Besides elevating the profile of the novelist Chuck Palahniuk, who wrote the original 1996 book, Mr. Fincher’s film has spawned a video game (featuring the Limp Bizkit frontman Fred Durst as a character) and a Donatella Versace fashion line (men’s wear adorned with razor blades). The swaggering gospel of Tyler Durden, much of it taken verbatim from Mr. Palahniuk’s book, has provided the cultural lexicon with one seemingly deathless catchphrase (“The first rule of Fight Club is you do not talk about Fight Club”) and numerous pop-sociological sound bites (“We’re a generation of men raised by women”; “You are not your khakis”).

Reports and urban legends about real-life fight clubs and copycat crimes still pop up occasionally. In the academic sphere, as an Internet search of scholarly journals reveals, “Fight Club” has inspired a host of interpretations — Nietzschean, Buddhist, Marxist — in papers that take on topics including the “rhetoric of masculinity,” the “poetics of the body” and the “economics of patriarchy.”

Mr. Fincher, who crammed the collector’s edition DVD, released in 2000, with a trove of deleted scenes and behind-the-scenes supplements (all are available on the new Blu-ray version), said the movie needed time to be freed from initial preconceptions. “It was sold as, hey come see people beat each other up,” he said recently by phone from Boston, where he was shooting a film about the founding of Facebook called “The Social Network.” To his irritation Fox ran ads during wrestling matches, and many critics described it as a head-banging testosterone fest. But Mr. Fincher has observed that “women maybe get the humor faster,” he said, adding that young female audiences seemed to appreciate the film’s satirical spin on macho posturing. Reached by e-mail, Mr. Palahniuk went further and called the film “the best date flick ever.” “The ‘Fight Club’ generation is the first generation to whom sex and death seem synonymous,” he said, pointing out that the “meet-cute” between the characters played by Mr. Norton and Helena Bonham Carter occurs in a support group for the terminally ill. Having grown up with an awareness of AIDS, younger readers and viewers, he added, “could identify with the implied marriage of sex and death; and once that fear was acknowledged those people could move forward and risk finding romantic love.”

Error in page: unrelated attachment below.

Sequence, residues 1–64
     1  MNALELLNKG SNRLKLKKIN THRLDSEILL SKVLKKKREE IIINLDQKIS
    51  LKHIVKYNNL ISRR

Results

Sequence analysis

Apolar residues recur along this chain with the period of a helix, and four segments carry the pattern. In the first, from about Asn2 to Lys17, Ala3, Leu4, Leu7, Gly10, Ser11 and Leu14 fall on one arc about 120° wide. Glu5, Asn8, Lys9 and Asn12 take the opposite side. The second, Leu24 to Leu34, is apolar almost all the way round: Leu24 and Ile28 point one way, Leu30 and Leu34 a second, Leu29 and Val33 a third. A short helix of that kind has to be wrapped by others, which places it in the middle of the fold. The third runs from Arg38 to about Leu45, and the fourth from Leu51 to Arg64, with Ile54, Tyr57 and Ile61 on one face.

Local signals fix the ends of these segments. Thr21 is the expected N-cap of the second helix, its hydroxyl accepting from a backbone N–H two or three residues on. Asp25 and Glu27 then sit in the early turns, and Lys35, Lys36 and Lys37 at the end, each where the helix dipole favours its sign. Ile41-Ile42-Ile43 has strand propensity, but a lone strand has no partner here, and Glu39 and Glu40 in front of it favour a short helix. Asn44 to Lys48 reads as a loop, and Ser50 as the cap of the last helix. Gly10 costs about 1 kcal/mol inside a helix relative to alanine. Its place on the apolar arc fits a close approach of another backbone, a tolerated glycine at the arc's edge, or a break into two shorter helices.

Mr. Fincher, Mr. Norton and Mr. Pitt, who were all in their 30s when they made the film (as was Mr. Palahniuk when he wrote the book), have each talked about being personally struck by the angry-young-man disaffection of “Fight Club.” When Mr. Fincher read the novel, he said, “I thought, Who is this Chuck Palahniuk and how has he been intercepting all my inner monologues?”

The movie’s arrival in the season of pre-millennial anxiety gave it the aura of what Mr. Norton called “an end-of-the-century protest.” A highly personal work made within the studio system, it also seemed like part of a larger cinematic groundswell. “There was a feeling that our crowd was starting to express itself,” Mr. Norton said, referring to a bountiful year for young American filmmakers that also saw revelatory works like Paul Thomas Anderson’s “Magnolia,” David O. Russell’s “Three Kings” and Spike Jonze’s “Being John Malkovich.”